Today is Valentine's Day. I have no boyfriend/partner/significant other but I don't think I've ever felt more love in my life.
After struggling with meditation for months, I decided to try doing it outside after reading this article on grounding and I sincerely feel like I had a breakthrough!
It's the middle of February in Upstate South Carolina and it's pretty cold but I bundled up and went outside anyways. I sat on the grass between the big slope and the creek behind our house. I set my iPhone timer for 16 minutes (one minute to get situated and the rest for actual meditation) and assumed the stereotypical, cross-legged position, facing the few trees that are left of the former forest I grew up with.
I closed my eyes and felt all the things. I felt some kind of energy that I believe emanated up from the cold, solid ground beneath my legs. I heard so many sounds. Nothing unusual, just the breeze blowing between the naked branches on the trees, birds chirping, small mammals (probably squirrels and/or chipmunks) rustling through piles of crunchy, brown leaves. I practice Metta (or loving-kindness) meditation which I learned from a Buddhist monk in Sri Lanka. All you have to do is sit still and repeat something like I wish health and happiness for all living beings.
Once or twice I had some thoughts that distracted me but I thought they were worth remembering later so I pulled out my phone and transferred them from my mind to the notes app. And then went back to meditating and didn't beat myself up about it. After all, these simple little thoughts were just trying to get out for some fresh air, too. It seems like my senses were heightened but maybe it was just that I eliminated all the usual distractions and was utilizing my normal senses to their full potential.
But back to the grounding, or earthing. The idea of absorbing energy through the surface of the Earth seems to be hippie nonsense at first but there is some legit science behind it. Before we wore rubber-soled shoes and built roads and sidewalks and homes on sturdy foundations, we had a lot more contact with the Earth. The basic theory is that now, more than ever, we are bombarded with electromagnetic fields and all kinds of other waves from wi-fi and cell phones that create a build up of unpaired, positive electrons (aka free radicals) in our bodies. The Earth is packed with negatively-charged electrons that neutralize the excessive positive ones. So when you make prolonged contact with the earth's surface through natural ground, dirt, grass, sand or ocean, you create the connection through which these electrons can travel and eventually balance your electrical potential with the Earth's. There have also been some studies on inflammation, the immune and auto-immune response of the body, blood flow, mood and more. I find this especially interesting since I have an auto-immune disorder now; Hashimoto's, a hypothyroid disorder in which means my immune system is attacking my thyroid for some reason.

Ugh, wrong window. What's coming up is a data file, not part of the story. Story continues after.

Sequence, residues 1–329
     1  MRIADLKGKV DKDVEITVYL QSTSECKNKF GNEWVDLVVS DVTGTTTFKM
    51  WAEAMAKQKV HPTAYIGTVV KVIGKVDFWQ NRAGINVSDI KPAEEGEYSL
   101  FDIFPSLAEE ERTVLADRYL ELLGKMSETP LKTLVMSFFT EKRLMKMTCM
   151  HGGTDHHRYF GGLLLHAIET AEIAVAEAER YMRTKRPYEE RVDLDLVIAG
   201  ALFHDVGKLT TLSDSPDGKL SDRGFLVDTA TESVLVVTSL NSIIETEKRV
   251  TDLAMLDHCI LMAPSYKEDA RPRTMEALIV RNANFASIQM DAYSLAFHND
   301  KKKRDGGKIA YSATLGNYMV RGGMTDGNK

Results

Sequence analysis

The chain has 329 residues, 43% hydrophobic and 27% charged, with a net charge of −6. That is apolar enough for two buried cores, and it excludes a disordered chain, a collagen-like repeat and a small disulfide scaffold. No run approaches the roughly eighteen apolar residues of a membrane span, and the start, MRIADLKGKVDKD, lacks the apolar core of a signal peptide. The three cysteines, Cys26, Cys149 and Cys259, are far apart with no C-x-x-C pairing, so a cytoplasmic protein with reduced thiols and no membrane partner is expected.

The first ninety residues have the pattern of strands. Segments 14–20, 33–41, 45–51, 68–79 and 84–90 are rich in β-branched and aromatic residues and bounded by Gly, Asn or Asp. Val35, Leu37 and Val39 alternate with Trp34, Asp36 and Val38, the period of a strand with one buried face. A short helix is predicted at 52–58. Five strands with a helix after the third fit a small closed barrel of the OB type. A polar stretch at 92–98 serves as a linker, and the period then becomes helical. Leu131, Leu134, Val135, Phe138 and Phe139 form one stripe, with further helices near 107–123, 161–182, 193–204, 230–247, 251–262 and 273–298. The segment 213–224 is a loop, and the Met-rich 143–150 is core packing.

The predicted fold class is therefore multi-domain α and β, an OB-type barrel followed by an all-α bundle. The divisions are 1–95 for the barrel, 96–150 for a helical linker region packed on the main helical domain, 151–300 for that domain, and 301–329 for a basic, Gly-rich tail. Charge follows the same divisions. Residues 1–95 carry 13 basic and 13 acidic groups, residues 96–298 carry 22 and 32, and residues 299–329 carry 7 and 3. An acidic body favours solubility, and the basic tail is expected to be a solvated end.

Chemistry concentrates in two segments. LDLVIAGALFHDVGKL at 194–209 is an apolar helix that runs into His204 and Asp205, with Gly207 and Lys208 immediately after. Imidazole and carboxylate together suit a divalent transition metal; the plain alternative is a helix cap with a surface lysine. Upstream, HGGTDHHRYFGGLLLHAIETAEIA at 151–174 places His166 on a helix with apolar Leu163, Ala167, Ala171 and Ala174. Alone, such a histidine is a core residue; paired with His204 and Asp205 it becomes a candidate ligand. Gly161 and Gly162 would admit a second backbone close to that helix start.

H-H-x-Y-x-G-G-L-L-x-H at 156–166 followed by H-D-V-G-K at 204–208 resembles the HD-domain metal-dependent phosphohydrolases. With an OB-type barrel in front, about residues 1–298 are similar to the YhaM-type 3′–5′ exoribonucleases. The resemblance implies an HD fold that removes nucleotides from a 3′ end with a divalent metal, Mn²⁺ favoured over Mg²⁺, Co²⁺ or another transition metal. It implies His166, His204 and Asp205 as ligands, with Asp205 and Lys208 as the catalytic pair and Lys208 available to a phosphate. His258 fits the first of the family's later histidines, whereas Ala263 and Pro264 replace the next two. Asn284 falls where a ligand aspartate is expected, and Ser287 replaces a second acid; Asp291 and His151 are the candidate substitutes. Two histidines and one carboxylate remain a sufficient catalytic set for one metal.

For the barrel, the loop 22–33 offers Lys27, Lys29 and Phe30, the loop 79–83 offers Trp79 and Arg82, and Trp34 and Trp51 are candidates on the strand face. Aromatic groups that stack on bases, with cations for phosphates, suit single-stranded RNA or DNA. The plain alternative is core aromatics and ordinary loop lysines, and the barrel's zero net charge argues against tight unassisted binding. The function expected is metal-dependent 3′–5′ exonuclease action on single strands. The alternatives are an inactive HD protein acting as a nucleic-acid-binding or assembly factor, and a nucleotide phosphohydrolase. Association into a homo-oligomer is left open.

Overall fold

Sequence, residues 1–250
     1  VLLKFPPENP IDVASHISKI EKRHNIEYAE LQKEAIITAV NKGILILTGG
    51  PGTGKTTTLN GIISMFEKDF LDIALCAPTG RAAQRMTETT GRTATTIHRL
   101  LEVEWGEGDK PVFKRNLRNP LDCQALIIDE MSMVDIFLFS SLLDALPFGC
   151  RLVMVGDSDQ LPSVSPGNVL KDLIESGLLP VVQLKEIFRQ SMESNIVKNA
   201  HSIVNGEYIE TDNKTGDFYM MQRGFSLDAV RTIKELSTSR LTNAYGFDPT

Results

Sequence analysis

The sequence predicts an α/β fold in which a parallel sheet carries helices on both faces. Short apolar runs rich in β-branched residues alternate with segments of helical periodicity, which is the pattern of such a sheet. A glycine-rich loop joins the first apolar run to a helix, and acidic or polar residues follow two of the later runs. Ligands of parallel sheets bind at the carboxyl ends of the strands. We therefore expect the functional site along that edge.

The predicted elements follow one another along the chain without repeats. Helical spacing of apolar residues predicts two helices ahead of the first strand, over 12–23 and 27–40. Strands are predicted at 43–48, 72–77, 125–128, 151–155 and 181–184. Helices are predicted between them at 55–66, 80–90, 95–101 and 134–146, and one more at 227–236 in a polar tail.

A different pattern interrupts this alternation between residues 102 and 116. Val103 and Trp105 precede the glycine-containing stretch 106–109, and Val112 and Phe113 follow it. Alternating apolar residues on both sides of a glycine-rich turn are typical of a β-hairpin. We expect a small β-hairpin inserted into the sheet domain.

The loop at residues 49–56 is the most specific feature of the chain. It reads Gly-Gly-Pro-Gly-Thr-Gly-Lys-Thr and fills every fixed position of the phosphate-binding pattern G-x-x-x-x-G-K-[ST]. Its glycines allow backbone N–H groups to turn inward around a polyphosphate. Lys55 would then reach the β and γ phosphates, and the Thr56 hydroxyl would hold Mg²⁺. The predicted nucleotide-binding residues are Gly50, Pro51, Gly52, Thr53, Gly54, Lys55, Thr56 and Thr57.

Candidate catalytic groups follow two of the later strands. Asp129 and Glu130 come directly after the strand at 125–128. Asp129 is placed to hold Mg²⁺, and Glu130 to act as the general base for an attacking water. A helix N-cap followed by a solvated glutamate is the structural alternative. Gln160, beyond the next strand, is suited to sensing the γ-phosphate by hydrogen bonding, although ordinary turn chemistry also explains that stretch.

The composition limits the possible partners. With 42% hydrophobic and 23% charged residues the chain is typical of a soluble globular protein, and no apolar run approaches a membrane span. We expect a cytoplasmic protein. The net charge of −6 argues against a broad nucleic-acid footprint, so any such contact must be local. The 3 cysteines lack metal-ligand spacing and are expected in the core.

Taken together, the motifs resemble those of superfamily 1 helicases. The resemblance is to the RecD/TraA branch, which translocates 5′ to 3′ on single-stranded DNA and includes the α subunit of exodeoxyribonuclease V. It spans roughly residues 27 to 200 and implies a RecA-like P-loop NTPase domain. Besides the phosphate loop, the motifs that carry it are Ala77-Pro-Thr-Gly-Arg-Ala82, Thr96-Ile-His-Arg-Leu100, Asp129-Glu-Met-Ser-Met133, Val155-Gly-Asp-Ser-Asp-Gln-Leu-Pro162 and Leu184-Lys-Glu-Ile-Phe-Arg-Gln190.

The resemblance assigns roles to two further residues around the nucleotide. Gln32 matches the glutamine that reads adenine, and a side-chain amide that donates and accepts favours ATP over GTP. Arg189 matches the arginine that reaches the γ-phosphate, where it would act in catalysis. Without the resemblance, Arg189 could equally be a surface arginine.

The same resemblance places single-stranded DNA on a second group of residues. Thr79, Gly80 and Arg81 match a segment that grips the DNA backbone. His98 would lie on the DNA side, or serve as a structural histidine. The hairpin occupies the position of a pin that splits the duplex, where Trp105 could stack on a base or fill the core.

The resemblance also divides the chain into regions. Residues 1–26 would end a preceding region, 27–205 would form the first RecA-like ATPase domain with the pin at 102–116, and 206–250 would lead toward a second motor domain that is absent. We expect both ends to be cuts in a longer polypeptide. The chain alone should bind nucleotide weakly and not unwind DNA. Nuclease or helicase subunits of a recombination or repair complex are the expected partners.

Read more in Earthing: The Most Important Health Discovery Ever? Personally, I will be listening to this audiobook since I refuse to endorse the use of Papyrus, one of the ugliest fonts ever created that has managed to become ubiquitous when it comes to natural product packaging, design and advertising.
After sitting silently for a while, I decided to walk around and find some nature made Valentines. In other words, rocks, leaves, sticks, bark, anything in the shape of a heart that did not cost any money nor come wrapped in a plastic package. I could have just googled some prettier and more professional photos, but it felt more authentic and I knew I could find some in my own backyard. I abandoned my quest shortly after finding two specimens since I was starting to feel the below-freezing weather at -2ºC, 28ºF. (Guess I won't be meditating hardcore up in the HImalayas anytime soon.) Ugh, I really need to build up my temperature tolerance after spending more than a decade in Florida.
So here are my final thoughts on love.
Nothing that society is telling you to buy is going to make you feel love or loved. No flowers or sugar or fuzzy or sparkly or heart-shaped anything is going to make you feel sincerely happy. You may attach emotions of happiness or love to the thing because you have feelings for the person that gave it to you but you don't love the thing itself. You may even end up resenting the thing or the person who gave it to you, for example, if you eat an entire box of chocolate truffles in one sitting. (It is widely assumed that calories don't count on holidays.) I would rather just spend time and energy together without the excess money, garbage, stuff and possibly guilt. (Guilt that you ate too much, that your gift wasn't good enough, or guilt that you didn't 'get' flowers like all the other women in your office.) I guess just like meditation, love isn't a competition either. When you win, everyone else wins too.